|Teacher Training: a Reference Manual (Peace Corps, 1986, 176 p.)|
|Chapter 3 collaboration|
Because material resources are always in short supply, curriculum and materials development is always an issue. As with human resources, two basic questions are:
° How and where can needed materials be procured? and
° How can we mobilize the resources we already have?
These questions and the issues associated with them are dealt with in great detail in the Materials Development and Resource Utilization section of the Manual. One particularly effective way to share materials and techniques among teachers involves the creation of newsletters and material exchange or resource centers. Some of the functions these serve are to:
1. PROVIDE AN INCENTIVE TO IMPROVE EDUCATIONAL STANDARDS by:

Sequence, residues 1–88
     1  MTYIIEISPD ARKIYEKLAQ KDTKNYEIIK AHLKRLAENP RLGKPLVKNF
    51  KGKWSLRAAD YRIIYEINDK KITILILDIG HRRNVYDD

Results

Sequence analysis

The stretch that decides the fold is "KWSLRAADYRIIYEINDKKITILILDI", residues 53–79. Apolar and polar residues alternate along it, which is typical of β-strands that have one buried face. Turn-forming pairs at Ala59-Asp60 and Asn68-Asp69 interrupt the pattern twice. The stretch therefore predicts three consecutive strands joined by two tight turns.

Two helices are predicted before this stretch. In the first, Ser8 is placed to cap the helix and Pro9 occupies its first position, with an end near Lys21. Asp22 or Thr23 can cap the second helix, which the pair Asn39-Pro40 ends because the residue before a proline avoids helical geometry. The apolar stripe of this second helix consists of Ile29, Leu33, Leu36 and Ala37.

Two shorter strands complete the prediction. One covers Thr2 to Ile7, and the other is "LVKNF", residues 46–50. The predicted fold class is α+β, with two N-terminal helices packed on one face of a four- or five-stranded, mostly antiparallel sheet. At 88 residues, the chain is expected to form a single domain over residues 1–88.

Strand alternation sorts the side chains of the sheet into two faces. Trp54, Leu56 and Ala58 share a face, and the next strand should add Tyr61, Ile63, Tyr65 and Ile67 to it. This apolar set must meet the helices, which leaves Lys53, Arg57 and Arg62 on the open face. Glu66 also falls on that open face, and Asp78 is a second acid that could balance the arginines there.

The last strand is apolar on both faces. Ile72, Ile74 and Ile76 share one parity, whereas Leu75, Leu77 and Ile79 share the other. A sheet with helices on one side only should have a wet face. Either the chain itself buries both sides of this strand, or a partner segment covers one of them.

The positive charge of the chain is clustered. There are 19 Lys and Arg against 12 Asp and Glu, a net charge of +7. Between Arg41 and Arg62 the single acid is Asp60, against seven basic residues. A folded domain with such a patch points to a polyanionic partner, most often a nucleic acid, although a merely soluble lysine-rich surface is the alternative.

° Opening up a channel through which students and teachers can read and share their own contributions.
° Giving teachers new ideas for lesson planning, creative classroom techniques, etc..
° Encouraging further innovation.
2. PROMOTE A SENSE OF LOCAL IDENTITY AND PRIDE by:
° Disseminating locally-generated knowledge, and
° Providing a means of publicizing local and national issues.
3. RAISE AWARENESS OF EDUCATIONAL ISSUES by:
° Revealing material and curricular discrepancies from region to region, and
° Informing the ministry of educational needs.
Admittedly, these goals are ideal and in many cases simply unattainable. Resistance to innovation often proves to be a mightier force than the greatest enthusiasm. Still, to the extent that these goals are desirable by Volunteers and host country nationals alike, they are worth bearing in mind and pursuing to the extent possible.
Does your school currently publish some kind of regular newsletter? If not, what material resources exist at the school with which to publish one?